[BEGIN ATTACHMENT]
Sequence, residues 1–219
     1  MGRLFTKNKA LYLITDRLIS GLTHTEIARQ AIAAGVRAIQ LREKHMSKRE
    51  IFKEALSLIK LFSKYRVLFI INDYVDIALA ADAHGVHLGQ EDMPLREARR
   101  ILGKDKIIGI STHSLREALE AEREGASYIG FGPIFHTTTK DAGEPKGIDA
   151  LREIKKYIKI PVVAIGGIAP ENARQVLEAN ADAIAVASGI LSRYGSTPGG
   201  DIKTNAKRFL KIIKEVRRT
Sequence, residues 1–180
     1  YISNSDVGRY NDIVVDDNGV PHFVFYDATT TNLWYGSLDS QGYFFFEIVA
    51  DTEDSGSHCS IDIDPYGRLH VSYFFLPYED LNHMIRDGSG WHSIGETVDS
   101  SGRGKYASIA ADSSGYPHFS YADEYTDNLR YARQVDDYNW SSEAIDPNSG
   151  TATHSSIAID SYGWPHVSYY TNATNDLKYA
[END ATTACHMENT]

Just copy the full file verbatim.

Sequence, residues 1–219
     1  MGRLFTKNKA LYLITDRLIS GLTHTEIARQ AIAAGVRAIQ LREKHMSKRE
    51  IFKEALSLIK LFSKYRVLFI INDYVDIALA ADAHGVHLGQ EDMPLREARR
   101  ILGKDKIIGI STHSLREALE AEREGASYIG FGPIFHTTTK DAGEPKGIDA
   151  LREIKKYIKI PVVAIGGIAP ENARQVLEAN ADAIAVASGI LSRYGSTPGG
   201  DIKTNAKRFL KIIKEVRRT
Sequence, residues 1–180
     1  YISNSDVGRY NDIVVDDNGV PHFVFYDATT TNLWYGSLDS QGYFFFEIVA
    51  DTEDSGSHCS IDIDPYGRLH VSYFFLPYED LNHMIRDGSG WHSIGETVDS
   101  SGRGKYASIA ADSSGYPHFS YADEYTDNLR YARQVDDYNW SSEAIDPNSG
   151  TATHSSIAID SYGWPHVSYY TNATNDLKYA